Tag Archives: Kelly Alsup

Omar Pérez’s Did You Hear About the Fighting Cat?

J’Lyn here. As editor-in-chief, I work with Bombay Gin book reviewers closely, usually over the course of three or four drafts. Below, you will find a little teaser from Kelly Alsup’s delightful review of Omar Pérez’s Did You Hear About the Fighting Cat?, which you can find in Bombay Gin 38.1. Kelly is a graduate of the Jack Kerouac School and a dear friend, who I am so happy has stuck around after graduating to be an important part of the Boulder community.

You can buy Pérez’s book through Small Press Distribution, and the publisher, Shearsman Books, also offers a downloadable sample.

So, to exist with both desire and its limitation is not to fight to the death so much as to keep the suppleness—that, in the daylight, sleeks its contours constant and fleetingly—alive through its dimmer, or darker, hours, striking the match newly each time. The alertness to the flashing or shuddering moment that the fighting cat carries in the world is the wakefulness to “transience” and “variance in voltage” that stirs in these poems. It is the presence and everydayness of Zen that accepts conflict as much as it dissolves it. This wisdom, then, answers Pérez’s own question, posed earlier in the collection:

With the wood from this tree, coffin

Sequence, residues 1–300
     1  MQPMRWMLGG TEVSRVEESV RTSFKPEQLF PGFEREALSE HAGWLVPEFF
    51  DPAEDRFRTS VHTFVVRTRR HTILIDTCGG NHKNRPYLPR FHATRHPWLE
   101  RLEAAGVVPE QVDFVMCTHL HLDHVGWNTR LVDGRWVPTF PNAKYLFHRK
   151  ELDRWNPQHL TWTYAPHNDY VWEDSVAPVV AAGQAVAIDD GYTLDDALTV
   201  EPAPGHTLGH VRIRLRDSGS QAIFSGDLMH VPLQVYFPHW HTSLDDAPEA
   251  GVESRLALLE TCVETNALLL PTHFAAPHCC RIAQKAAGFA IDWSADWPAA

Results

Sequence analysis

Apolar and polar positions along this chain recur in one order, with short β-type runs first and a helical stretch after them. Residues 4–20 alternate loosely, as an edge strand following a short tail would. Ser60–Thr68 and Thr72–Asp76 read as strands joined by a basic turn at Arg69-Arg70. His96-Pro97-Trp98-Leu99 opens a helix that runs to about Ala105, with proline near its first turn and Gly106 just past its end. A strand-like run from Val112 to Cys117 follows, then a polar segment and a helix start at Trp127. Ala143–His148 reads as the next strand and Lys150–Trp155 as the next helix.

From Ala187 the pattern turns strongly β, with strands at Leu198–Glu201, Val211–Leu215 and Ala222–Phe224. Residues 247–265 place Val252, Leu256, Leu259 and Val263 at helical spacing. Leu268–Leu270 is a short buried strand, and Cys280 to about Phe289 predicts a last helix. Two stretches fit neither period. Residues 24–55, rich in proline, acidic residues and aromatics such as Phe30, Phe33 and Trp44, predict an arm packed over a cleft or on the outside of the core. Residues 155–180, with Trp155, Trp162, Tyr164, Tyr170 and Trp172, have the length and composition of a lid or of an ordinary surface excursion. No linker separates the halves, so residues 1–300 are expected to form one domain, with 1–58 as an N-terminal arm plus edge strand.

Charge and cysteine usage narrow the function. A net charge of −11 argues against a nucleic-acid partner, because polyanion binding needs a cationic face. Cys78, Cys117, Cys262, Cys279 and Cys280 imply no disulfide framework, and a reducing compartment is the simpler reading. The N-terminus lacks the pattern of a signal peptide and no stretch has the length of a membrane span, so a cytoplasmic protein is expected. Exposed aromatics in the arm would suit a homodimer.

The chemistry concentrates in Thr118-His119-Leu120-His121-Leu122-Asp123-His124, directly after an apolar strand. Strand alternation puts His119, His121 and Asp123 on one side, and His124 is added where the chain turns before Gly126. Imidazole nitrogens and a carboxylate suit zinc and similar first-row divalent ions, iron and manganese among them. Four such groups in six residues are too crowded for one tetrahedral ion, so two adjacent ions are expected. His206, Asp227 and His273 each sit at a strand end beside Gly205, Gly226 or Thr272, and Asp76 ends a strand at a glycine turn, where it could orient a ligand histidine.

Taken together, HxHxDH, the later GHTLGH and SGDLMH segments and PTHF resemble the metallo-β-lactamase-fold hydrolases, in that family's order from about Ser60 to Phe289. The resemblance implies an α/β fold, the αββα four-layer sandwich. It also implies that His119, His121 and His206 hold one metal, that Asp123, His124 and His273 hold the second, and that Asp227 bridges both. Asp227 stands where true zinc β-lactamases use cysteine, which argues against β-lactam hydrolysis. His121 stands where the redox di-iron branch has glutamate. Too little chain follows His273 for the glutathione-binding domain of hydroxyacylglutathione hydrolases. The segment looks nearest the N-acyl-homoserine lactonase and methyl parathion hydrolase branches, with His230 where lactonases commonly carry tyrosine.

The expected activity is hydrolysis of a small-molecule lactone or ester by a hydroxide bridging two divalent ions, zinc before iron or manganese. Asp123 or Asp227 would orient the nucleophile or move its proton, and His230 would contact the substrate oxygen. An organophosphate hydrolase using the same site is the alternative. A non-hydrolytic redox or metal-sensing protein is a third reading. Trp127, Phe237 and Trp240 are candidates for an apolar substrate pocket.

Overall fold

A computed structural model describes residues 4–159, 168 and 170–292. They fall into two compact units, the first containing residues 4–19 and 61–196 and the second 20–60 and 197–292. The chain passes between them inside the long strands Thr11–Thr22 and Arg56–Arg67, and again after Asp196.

with the wood from the coffin, pyre

on the pyre man grows toward zero

so what do we do now?

“Sustain / Sustain them / you sustain them.” What “grows toward zero” is

embryo moving always toward victory

down the alley with no exit to eternity

At the end a boy!

And you do not abandon the boy. The tomcat, Love, lichen. To learn to blink—a way of maintaining alertness or even relax into sleep—is to learn to stop abandoning the moment to fear, fantasy, distraction. A primary founder of American Zen, Shunryu Suzuki, reminds: “Moment after moment to watch your breathing, to watch your posture, is true nature.”

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Buy Books on Cyber Monday

As Editor-in-Chief, I have the pleasure of also editing Bombay Gin’s book review section. I have to admit that this is one of my favorite duties as editor. I get to work closely with reviewers, most of whom are JKS students writing their first reviews. The process tends to be long, but the payoff is quite satisfying: not only do JKS students get some publishing credit and the gratification of finishing a project, poets and writers also benefit by having their books reviewed.

In our next issue, you will find the following reviews, and, since you are very likely to cyber shop during work today, go ahead and buy these books. We can guarantee your money will be well spent:

Jenny Boully, Not Merely Because of the Unknown that was Stalking Toward Them, Reviewed by Brenna Lee

Gérard Gavarry, Making a Novel, Reviewed by Denise Kinsley

Kirsten Kaschock, Sleight: A Novel, Reviewed by Kristen Park

Omar Pérez, Did You Hear About the Fighting Cat?, Reviewed by Kelly Alsup

Margaret Randall, Ruins and First Laugh: Essays 2000-2009, Reviewed by Diana K. McLean

Kate Zambreno, Green Girl, Reviewed by Heather Goodrich

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